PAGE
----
Distributed Energy Resources (DERs) and community-scale microgrids
4 May 2023
Traditionally, our energy system is structured around large central power generation sources such as coal or gas-fired power stations. The electricity generated by these is distributed through the main grid (or macrogrid), made up of a network of transmission lines and substations that manages the supply of and demand for electricity. In WA this is called either the Southwest Interconnected System or SWIS and is managed by Western Power, or the Northwest Interconnected System (NWIS), managed by Horizon Power.
A Distributed Energy Resource (DER) is a small-scale alternative power generator that serves a dwelling, street, town, or industrial site, as an alternative to the industrial-scale fossil fuel power generators or other large scale renewable energy generators. The DER can generate electricity from solar panels, wind turbines, or other forms of renewable energy generation, and distribute it directly to a home or building, or through a local microgrid.
The Australian Renewable Energy Agency (ARENA) defines 3 types of microgrid:
- main grid connected microgrids (sometimes also called embedded). Community batteries are an example of a connected microgrid.
- standalone power systems (SAPS) which can be temporarily or permanently disconnected from the main grid (‘hybrid’ model).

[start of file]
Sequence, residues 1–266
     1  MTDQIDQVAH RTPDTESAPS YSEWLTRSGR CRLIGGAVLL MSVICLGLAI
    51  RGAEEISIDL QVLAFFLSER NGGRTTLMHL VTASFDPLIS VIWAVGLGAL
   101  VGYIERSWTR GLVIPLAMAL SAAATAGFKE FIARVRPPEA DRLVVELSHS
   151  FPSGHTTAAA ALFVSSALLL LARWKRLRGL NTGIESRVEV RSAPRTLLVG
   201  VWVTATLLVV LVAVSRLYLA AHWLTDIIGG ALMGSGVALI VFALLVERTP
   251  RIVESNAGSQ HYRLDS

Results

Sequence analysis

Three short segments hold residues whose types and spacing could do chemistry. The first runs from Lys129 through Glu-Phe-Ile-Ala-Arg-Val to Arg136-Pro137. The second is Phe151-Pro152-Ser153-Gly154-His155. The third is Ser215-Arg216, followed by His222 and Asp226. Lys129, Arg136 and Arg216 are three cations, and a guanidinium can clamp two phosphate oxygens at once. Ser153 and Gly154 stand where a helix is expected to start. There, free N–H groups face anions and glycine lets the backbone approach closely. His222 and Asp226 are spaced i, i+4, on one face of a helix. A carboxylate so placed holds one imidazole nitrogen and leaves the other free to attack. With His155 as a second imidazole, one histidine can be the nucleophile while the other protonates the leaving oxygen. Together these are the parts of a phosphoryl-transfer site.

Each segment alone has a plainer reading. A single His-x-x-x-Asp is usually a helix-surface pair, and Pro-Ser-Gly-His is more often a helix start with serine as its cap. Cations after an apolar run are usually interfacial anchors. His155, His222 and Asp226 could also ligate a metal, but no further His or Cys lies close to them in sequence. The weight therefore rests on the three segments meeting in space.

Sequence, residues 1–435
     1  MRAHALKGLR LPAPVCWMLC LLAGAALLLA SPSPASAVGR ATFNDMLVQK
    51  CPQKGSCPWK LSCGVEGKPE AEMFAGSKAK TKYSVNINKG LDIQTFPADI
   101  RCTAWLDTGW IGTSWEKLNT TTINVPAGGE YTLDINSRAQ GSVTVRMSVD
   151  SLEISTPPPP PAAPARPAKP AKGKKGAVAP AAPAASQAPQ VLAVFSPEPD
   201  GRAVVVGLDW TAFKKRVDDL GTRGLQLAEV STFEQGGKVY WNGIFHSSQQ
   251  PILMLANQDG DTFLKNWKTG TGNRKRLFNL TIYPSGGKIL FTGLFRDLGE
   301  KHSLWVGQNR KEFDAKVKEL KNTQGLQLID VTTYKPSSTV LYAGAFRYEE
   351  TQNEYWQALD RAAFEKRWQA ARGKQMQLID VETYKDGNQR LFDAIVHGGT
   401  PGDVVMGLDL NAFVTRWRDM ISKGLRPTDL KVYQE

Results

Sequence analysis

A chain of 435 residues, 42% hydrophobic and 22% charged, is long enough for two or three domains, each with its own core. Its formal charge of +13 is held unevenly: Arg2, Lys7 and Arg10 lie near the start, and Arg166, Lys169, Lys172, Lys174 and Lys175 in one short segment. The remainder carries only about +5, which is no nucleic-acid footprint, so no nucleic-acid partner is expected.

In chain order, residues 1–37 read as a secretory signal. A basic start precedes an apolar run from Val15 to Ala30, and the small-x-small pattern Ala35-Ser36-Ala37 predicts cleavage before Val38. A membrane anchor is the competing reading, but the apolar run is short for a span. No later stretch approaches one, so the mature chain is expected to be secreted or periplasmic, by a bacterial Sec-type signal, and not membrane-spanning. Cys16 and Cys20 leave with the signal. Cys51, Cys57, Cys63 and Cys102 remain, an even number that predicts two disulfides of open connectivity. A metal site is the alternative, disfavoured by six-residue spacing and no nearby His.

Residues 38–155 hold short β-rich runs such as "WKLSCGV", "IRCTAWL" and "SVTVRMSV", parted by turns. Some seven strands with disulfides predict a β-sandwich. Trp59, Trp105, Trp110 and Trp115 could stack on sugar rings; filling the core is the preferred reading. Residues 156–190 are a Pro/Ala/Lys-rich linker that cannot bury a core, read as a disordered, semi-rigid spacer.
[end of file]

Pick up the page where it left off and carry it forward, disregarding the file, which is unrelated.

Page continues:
- remote isolated microgrids. These are not connected to the main grid – and are often in remote locations or at the fringes of the main grid.
The SWIS manages the supply and demand of electricity to provide what is needed where at the right time. If there is too much electricity generated it is ‘wasted’ (i.e. not used or sold), and if there is too little, then there are blackouts. So, electricity generated by microgrid DERs connected to the SWIS can affect its efficiency and so need to be effectively managed. Electrical energy not used immediately can be stored in community batteries which helps to avoid peaks and troughs from renewable power generation which would otherwise affect the main grid.
At a community scale there are a few pilot programmes where renewable power generation is shared. For each home, their energy generation and usage are monitored so that individual customers are charged appropriately for the energy used, or are compensated for the energy sent to the battery or the main grid.
This growing integration of measuring and monitoring energy use includes innovations such as using home digital applications, or technologies that help us effectively use electrical appliances when there is low demand and a lower cost for energy.
These innovations can also be considered in parallel with opportunities for lowering energy use through better home insulation and glazing, passive solar design, etc.
A microgrid powered by DERs can provide ongoing energy at a community scale, even during disruptions to the main grid caused by bad weather, bushfires, or general maintenance etc. Power can be bought and sold at a local level, through community-owned infrastructure. Plus, where connected to the main grid, excess energy may raise revenue through a feed-in tariff.
With greater efficiency and lower costs of storage, community self-sufficiency of energy supply is becoming more feasible.